ARLINGTON MEMORIAL PARK CEMETERY
6202 Charles Street
Rockford, Illinois 61108
The year was 1927. Calvin Coolidge was serving as the 30th President of the United States. John Dewey and Sigmund Freud were notable and respectable, philosophical personages, while Sinclair Lewis had just completed his masterpiece novel, Elmer Gantry, and Upton Sinclair was making fame with his best-seller, Oil. The first ‘talkie’ motion picture, The Jazz Singer, was capturing the attention of Americans from coast to coast, while songs like, Bye, Bye, Blackbird and Blue Room led the musical hits of the day, Medical researchers such as George Whipple and others were desperately seeking cures for tuberculosis, anemia, dementia, malaria and dozens of other demon-diseases. The St. Louis Cardinals had won the world series by defeating New York, and Charles Lindberg had flown non-stop from New York to Paris in 33.5 hours. The Harlem Globetrotters embellished basketball and Babe Ruth hit 60 home runs.
During that same year— here in Rockford, Illinois, a group of prominent citizens founded what was known as ARLINGTON MEMORIAL PARK CEMETERY. The far east side location, now 6202 Charles St., was well out of town and located on a 78 acre farm. It was decided by those founding fathers that 30 acres of restful and beautiful rolling meadows were to be developed into lots, winding roads, and wooded (especially wooded) burial sites.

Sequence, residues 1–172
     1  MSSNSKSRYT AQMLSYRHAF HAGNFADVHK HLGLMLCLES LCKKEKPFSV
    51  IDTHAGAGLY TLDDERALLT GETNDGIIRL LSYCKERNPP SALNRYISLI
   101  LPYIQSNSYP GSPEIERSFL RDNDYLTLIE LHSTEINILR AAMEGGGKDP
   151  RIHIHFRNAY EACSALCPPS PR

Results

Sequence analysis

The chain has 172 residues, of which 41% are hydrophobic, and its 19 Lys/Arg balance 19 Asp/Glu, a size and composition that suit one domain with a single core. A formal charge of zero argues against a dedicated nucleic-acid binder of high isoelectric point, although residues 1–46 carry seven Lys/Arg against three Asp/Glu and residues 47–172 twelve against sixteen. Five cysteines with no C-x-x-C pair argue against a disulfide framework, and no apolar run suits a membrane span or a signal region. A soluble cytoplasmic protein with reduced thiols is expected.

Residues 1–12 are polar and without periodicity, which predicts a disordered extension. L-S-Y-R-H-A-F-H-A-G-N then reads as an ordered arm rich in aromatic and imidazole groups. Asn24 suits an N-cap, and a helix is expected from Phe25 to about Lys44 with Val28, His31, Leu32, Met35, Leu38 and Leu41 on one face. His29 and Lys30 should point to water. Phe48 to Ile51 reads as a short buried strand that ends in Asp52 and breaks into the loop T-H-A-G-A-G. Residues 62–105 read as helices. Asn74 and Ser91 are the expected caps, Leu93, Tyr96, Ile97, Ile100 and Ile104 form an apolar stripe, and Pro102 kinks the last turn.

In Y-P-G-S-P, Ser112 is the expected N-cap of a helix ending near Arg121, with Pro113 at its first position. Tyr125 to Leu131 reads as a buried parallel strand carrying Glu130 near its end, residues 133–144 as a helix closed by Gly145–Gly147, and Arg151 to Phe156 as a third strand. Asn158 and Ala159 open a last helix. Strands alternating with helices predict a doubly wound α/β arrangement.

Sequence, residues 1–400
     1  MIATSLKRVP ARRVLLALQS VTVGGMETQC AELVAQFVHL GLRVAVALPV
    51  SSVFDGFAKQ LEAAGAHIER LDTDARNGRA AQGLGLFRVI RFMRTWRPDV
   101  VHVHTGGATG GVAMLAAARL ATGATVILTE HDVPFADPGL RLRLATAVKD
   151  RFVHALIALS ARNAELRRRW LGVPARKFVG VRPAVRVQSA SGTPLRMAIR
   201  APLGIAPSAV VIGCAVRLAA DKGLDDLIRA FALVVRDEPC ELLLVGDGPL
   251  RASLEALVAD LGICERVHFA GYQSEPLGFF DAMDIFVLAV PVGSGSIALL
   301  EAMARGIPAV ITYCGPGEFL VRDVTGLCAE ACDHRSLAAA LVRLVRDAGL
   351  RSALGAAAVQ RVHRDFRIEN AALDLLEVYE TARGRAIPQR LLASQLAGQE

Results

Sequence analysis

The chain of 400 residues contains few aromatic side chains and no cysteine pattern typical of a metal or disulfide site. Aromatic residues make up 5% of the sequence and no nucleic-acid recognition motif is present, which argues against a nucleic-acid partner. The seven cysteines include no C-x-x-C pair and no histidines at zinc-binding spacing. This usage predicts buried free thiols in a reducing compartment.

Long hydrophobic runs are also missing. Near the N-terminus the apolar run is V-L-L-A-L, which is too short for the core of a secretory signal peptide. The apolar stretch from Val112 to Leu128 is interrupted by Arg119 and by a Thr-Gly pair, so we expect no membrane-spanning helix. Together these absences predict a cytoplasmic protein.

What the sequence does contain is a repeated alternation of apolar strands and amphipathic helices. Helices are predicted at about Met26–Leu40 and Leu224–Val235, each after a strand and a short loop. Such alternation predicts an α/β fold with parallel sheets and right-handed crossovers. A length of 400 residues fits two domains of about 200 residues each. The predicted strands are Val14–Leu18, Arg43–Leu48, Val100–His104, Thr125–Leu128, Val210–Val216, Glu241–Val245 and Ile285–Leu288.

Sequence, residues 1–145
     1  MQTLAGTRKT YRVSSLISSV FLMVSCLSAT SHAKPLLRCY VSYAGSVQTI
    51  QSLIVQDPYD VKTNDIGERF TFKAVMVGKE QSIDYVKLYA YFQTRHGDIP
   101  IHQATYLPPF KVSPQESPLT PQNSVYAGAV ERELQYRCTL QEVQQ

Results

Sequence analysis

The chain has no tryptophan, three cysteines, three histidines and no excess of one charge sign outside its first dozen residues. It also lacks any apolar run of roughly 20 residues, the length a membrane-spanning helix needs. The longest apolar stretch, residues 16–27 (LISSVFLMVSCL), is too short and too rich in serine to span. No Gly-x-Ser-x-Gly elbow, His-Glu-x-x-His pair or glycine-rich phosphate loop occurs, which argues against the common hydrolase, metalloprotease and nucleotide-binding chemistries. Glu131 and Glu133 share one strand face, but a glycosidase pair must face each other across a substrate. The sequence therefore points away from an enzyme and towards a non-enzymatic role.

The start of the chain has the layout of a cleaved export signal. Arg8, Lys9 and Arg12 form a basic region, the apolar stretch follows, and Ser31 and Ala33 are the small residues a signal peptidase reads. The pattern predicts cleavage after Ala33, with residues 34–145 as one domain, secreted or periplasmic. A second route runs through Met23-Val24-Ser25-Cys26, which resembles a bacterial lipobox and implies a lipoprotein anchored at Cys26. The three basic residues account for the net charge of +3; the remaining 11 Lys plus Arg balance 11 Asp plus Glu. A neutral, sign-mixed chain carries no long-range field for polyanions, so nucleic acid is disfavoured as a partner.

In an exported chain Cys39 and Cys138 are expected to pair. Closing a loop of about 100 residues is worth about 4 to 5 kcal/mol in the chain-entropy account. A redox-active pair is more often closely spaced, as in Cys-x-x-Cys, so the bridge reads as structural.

It was decreed from the beginning, that this new and wonderful Arlington Memorial Park Cemetery was intended to be a final place of interment not only for the notable and/or prestigious inhabitants of Rockford and the surrounding areas, but for all persons whatever their social, economic, or ethnic status. Among many of the first persons to buy lots and promote the Arlington Cemetery were community factory workers, the backbone of early Rockford’s industrial contributors.